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Walter Williams
Walter E. Williams
24 Sep 2014
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Pitting Us Against Each Other

Comment

President Barack Obama and the Democratic Party have led increasingly successful efforts to pit Americans against one another through the politics of hate and envy. Attacking CEO salaries, the president — last year during his Midwest tour — said, "I do think at a certain point you've made enough money."

Let's look at CEO salaries, but before doing so, let's look at other salary disparities between those at the bottom and those at the top. According to Forbes' Celebrity 100 list for 2010, Oprah Winfrey earned $290 million. Even if her makeup person or cameraman earned $100,000, she earned thousands of times more than that. Is that fair? Among other celebrities earning hundreds or thousands of times more than the people who work with them are Tyler Perry ($130 million), Jerry Bruckheimer ($113 million), Lady Gaga ($90 million) and Howard Stern ($76 million). According to Forbes, the top 10 celebrities, excluding athletes, earned an average salary of a little more than $100 million in 2010.

According to The Wall Street Journal Survey of CEO Compensation (November 2010), Gregory Maffei, CEO of Liberty Media, earned $87 million, Oracle's Lawrence Ellison ($68 million) and rounding out the top 10 CEOs was McKesson's John Hammergren, earning $24 million. It turns out that the top 10 CEOs have an average salary of $43 million, which pales in comparison with America's top 10 celebrities, who earn an average salary of $100 million.

When you recognize that celebrities earn salaries that are some multiples of CEO salaries, you have to ask: Why is it that rich CEOs are demonized and not celebrities? A clue might be found if you asked: Who's doing the demonizing? It turns out that the demonizing is led by politicians and leftists with the help of the news media, and like sheep, the public often goes along. Why demonize CEOs? My colleague Dr. Thomas Sowell explained it in his brand-new book, "The Thomas Sowell Reader." One of his readings, titled "Ivan and Boris — and Us," starts off with a fable of two poor Russian peasants.

Ivan finds a magic lamp and rubs it, and the jinni grants him one wish. As it turns out, Boris has a goat, but Ivan doesn't. Ivan's wish is for Boris' goat to die. That vision reflects the feelings of too many Americans. If all CEOs worked for nothing, it would mean absolutely little or nothing to the average American's bottom line.

For politicians, it's another story: Demonize people whose power you want to usurp. That's the typical way totalitarians gain power. They give the masses someone to hate. In 18th-century France, it was Maximilien Robespierre's promoting hatred of the aristocracy that was the key to his acquiring more dictatorial power than the aristocracy had ever had. In the 20th century, the communists gained power by promoting public hatred of the czars and capitalists. In Germany, Adolf Hitler gained power by promoting hatred of Jews and Bolsheviks. In each case, the power gained led to greater misery and bloodshed than anything the old regime could have done.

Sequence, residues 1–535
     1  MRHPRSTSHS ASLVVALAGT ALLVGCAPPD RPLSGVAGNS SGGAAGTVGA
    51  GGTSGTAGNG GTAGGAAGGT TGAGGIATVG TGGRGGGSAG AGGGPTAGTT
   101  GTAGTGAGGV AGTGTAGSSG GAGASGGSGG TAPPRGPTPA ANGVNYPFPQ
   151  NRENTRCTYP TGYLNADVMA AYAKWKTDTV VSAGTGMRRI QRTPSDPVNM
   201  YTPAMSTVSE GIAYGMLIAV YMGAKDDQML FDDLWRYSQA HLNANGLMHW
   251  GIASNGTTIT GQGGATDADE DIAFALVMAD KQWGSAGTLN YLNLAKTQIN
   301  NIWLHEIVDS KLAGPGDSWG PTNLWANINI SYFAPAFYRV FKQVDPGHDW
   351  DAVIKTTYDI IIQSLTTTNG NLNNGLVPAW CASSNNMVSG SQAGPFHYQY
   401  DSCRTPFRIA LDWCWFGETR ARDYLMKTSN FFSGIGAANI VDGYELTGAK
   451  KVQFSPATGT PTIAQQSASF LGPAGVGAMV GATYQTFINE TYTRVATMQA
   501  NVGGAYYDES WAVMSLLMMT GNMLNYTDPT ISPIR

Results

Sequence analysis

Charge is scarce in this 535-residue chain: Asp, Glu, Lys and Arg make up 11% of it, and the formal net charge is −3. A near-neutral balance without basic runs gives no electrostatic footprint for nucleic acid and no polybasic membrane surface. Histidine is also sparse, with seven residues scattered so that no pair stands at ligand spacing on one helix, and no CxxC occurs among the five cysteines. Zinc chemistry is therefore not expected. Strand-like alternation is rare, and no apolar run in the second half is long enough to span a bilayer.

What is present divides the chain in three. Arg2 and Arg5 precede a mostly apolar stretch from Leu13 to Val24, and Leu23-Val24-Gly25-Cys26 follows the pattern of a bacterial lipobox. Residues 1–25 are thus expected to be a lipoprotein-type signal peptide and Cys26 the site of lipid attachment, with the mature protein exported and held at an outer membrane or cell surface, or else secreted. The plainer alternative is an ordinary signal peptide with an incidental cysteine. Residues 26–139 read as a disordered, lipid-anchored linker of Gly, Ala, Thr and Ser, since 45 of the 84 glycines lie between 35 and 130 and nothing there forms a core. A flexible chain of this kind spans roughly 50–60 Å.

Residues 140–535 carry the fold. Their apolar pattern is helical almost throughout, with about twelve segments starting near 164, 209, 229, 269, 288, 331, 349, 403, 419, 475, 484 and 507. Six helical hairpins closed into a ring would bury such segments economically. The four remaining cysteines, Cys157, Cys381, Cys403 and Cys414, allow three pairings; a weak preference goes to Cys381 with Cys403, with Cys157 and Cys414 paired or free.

Let me be clear: I'm not equating America's liberals with Robespierre, Josef Stalin and Hitler. I am saying that promoting jealousy, fear and hate is an effective strategy for politicians and their liberal followers to control and micromanage businesses. It's not about the amount of money people earn. If it were, politicians and leftists would be promoting jealousy, fear and hate toward multimillionaire Hollywood and celebrities and sports stars, such as LeBron James ($48 million), Tiger Woods ($75 million) and Peyton Manning ($38 million). But there is no way that politicians could take over the roles of Oprah Winfrey, Lady Gaga and LeBron James. That means celebrities can make any amount of money they want and it matters not one iota politically.

The Occupy Wall Street crowd shouldn't focus its anger at wealthy CEOs. A far more appropriate target would be the U.S. Congress.

Walter E. Williams is a professor of economics at George Mason University. To find out more about Walter E. Williams and read features by other Creators Syndicate writers and cartoonists, visit the Creators Syndicate Web page at www.creators.com.

COPYRIGHT 2011 CREATORS.COM



Comments

13 Comments | Post Comment
Let's see. Oprah, Lady Gaga, Jerry Bruckheimer, and Howard Stern all get their compensation as the result of corporate compensation committee meetings in their respective corporations and all of them serve on each others compensation committees? (That must explain their high compensation!) Does Oprah support the de-unionization of hair dressers to make sure she gets her hair done by minimum wage workers? Does Lady Gaga ship jobs to China while demanding special tax breaks for performers because they are "job creators"? While there are obvious similarities between top athletes / performers and CEOs, there are some significant differences and those differences help explain why athletes and performers tend to get a pass where CEOs do not.
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Funny, one those CEOs, Warren Buffet, also thinks that millionaires have been coddled too long by their friends in Washington. Wonder what Mr. Buffet understands that escapes Mr. Williams?
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For a good primer on why all of this seems to be resonating at this time, visit this interesting site: businessinsider.com/what-wall-street-protesters-are-so-angry-about-2011-10?op=1
Comment: #1
Posted by: Mark
Mon Oct 17, 2011 9:39 AM
So why not ask all of those people if they are willing to up the ante to save the American dream? Nobody is criticizing those who have been lucky enough to be born into or to earn their wealth, and I dare you to argue that the welfare deal that comes from being born into the right family isn't the best to be found here on Planet Earth.

All the po' folks are asking is that the lucky rich to step up and pay their fair share to support the system and morale that helped to get them there. It's only the refusal to chip in that earns the rich folks contempt.

Why are you dopes so unable to understand that? You are being penny wise and pound foolish. The perception that the wealthy elite does not pay its fair share is what foments revolution. Get your tea-party tantrum under control and read up on a little history. As the old saying goes, those who fail to understand history are doomed to repeat its mistakes.
Comment: #2
Posted by: Masako
Mon Oct 17, 2011 8:22 PM
I agree with you liberals that taxes are not distributed fairly. The bottom 47% of wage earners pay no income tax, and some get a tax credit. Oh the other hand, the top 1% of wage earners pay 40% of the tax revenues, and the top 10% pay 90%.

Seems to me, making the tax system fairer would have the bottom 47% paying SOME taxes, and the top 10 and 1 percent wage earners paying less.